Note that those skilled in the art can prepare DNAs encoding these nucleases as appropriate with reference to the description of Belfort M. et al., Nucleic Acids Res, 1997, Vol. 25, Iss. 17, pp. 3379 to 3388 in the case of homing endonucleases such as I-CreI; particularly in the case of I-SceI, with reference also to the descriptions of Puchta H. et al., Nucleic Acids Res., 1993, Vol. 21, Iss. 22, pp. 5034 to 5040, Salomon & Puchta, EMBO J., 1998, Vol. 17, Iss. 20, pp. 6086 to 6095, and so on; in the case of ZFN, with reference to the descriptions of Japanese Patent Nos. 4350907 and 4555292, and so on; in the case of TALEN, with reference to the descriptions of International Application Japanese-Phase Publication Nos. 2012-514976 and 2013-513389, and so on; in the case of CRISPR/Cas9, with reference to the descriptions of Jinek et al., Science, 2012, Vol. 337, pp. 816 to 821, Mali et al., Science, 2013, Vol. 339, pp. 823 to 826, and so on. Further, the first and second nuclease recognition sequences can also be prepared based on the descriptions of these literatures.

Moreover, a functional protein may be added to the “nuclease” in the present invention. Such a functional protein can be directly or indirectly added to one or both of the N-terminal side and the C-terminal side of the nuclease. The functional protein is not particularly limited, and is selected as appropriate depending on a function to be provided to the nuclease. Examples thereof include a green fluorescent protein (GFP), a luciferase protein, a FLAG-tag protein (registered trademark, Sigma-Aldrich Co.), a glutathione-S-transferase (GST) protein for facilitating the detection or the like of the nuclease. Meanwhile, a nuclear localization signal may be added from the viewpoint that the nuclease stably functions in the nucleus.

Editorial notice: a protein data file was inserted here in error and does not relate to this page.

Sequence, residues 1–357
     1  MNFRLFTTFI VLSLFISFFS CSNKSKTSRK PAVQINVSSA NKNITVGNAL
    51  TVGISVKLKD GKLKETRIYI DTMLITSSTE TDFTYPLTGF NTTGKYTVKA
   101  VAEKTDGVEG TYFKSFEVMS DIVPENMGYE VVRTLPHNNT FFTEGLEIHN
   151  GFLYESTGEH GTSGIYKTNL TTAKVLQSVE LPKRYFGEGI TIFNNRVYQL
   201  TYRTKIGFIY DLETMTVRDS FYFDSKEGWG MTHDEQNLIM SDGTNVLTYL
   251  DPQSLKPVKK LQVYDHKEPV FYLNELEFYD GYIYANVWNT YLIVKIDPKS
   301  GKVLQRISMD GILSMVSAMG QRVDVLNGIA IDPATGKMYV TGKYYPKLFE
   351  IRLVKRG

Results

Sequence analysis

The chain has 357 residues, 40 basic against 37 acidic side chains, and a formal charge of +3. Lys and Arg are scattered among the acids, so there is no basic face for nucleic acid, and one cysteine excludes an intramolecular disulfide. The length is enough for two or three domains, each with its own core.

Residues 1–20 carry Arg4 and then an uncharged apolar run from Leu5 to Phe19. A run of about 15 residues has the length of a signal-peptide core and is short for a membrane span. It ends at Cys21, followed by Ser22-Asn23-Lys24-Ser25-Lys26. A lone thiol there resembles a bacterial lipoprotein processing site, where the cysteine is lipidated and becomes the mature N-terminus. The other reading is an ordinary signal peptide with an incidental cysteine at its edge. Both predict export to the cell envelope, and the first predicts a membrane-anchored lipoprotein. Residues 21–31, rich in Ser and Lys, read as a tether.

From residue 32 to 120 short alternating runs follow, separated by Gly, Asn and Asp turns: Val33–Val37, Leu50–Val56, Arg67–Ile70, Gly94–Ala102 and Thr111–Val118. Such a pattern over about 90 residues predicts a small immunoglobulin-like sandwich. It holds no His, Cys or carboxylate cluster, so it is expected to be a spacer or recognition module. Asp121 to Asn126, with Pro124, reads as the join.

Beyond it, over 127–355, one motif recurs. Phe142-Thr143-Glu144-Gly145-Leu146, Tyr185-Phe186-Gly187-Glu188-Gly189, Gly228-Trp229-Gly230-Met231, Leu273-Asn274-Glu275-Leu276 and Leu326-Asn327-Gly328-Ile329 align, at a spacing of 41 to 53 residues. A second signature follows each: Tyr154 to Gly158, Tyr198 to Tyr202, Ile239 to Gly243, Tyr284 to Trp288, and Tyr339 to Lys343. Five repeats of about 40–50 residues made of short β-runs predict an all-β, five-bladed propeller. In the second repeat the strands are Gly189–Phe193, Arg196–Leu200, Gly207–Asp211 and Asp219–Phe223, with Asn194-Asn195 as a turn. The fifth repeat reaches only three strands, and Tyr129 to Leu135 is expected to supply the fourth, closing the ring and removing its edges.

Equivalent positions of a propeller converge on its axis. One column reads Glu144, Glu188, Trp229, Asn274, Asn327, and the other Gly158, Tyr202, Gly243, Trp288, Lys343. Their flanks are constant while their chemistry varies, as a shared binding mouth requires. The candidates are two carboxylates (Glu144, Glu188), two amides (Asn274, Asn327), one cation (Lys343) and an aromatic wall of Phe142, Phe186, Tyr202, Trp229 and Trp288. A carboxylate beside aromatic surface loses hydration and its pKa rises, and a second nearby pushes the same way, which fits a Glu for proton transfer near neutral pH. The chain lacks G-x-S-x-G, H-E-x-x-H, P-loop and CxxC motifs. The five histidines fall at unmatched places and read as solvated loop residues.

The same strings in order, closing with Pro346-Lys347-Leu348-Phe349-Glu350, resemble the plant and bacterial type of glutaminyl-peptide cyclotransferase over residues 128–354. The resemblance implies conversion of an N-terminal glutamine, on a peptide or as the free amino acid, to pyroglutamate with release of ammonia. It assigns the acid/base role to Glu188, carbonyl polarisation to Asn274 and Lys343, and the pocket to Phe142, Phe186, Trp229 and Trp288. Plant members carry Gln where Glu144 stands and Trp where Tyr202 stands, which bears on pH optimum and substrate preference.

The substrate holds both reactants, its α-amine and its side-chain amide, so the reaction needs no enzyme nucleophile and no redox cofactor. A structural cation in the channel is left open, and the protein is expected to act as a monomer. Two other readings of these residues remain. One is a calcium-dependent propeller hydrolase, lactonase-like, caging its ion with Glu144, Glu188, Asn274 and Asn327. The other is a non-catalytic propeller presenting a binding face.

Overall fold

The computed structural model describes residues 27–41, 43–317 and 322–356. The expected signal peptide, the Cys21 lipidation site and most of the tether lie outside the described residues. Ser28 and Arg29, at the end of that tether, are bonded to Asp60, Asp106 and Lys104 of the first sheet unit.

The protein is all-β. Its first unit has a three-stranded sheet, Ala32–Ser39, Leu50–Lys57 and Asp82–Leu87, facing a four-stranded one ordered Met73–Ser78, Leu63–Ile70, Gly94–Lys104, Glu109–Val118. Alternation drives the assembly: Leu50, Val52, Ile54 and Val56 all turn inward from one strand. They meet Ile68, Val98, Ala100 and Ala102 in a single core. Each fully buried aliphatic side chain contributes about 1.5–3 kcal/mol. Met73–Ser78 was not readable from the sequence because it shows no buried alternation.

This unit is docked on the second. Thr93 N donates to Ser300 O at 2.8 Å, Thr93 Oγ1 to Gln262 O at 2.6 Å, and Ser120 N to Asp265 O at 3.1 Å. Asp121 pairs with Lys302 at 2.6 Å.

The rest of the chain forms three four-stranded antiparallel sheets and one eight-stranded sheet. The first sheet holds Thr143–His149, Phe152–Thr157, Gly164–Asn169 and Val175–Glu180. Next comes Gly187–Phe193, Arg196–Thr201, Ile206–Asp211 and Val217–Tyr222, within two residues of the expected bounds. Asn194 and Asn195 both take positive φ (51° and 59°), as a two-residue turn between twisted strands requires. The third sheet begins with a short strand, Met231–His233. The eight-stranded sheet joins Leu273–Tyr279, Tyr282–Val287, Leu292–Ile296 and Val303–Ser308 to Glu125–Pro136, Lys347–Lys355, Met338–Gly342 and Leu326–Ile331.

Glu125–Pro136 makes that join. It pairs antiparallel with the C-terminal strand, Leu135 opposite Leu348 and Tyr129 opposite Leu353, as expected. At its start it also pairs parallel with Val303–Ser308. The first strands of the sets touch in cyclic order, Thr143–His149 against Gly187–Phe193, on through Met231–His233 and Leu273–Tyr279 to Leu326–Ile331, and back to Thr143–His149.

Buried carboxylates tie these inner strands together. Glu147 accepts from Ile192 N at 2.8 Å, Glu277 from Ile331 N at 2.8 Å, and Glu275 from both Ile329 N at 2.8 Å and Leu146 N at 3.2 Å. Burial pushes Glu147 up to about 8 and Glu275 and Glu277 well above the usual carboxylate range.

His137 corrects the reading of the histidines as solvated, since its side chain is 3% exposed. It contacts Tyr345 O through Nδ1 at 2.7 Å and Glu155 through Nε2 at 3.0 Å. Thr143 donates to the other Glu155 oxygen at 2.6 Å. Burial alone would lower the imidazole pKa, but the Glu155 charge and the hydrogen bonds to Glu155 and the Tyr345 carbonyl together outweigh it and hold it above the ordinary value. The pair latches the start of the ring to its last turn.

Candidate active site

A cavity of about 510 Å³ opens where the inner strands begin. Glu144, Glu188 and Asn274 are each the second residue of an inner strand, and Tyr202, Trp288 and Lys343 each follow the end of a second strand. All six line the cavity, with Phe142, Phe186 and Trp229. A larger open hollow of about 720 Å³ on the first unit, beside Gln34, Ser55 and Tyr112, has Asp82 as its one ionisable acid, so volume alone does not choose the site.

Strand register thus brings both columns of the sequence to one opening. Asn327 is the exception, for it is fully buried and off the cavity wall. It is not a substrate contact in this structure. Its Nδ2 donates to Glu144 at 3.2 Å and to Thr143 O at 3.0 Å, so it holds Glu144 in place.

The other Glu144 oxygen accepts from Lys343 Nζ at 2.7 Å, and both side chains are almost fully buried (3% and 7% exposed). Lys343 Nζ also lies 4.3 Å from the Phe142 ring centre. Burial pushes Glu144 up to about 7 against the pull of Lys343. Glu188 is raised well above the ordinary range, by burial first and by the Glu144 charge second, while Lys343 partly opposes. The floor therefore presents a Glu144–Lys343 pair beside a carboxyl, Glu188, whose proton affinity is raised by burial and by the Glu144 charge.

Further, in the step (iii), the expression of the nuclease may be an expression induced in response to a stimulus, or may be a constitutive expression, but is preferably an expression induced in response to a stimulus. This is because the labor for the subsequent transformation can be omitted and the time can also be shortened, by using, as a plant cell into which the DNA construct of the present invention is introduced, a plant cell capable of inducibly expressing the nuclease in response to a stimulus, which is prepared and established in advance. Further, reducing the labor and time can reduce: the probability of natural mutation due to callus formation, the decrease in the re-differentiation efficiency dependent on the length of the culturing period, and so forth. Thus, the expression of the nuclease is preferably induced in response to a stimulus.

Furthermore, an example of the method for inducibly expressing the nuclease in the step (iii) includes a method in which a DNA construct comprising a gene encoding the nuclease and a regulatory region for inducibly expressing the gene is introduced into the plant cell followed by culturing in the presence of a stimulus, that is a condition for inducing the expression.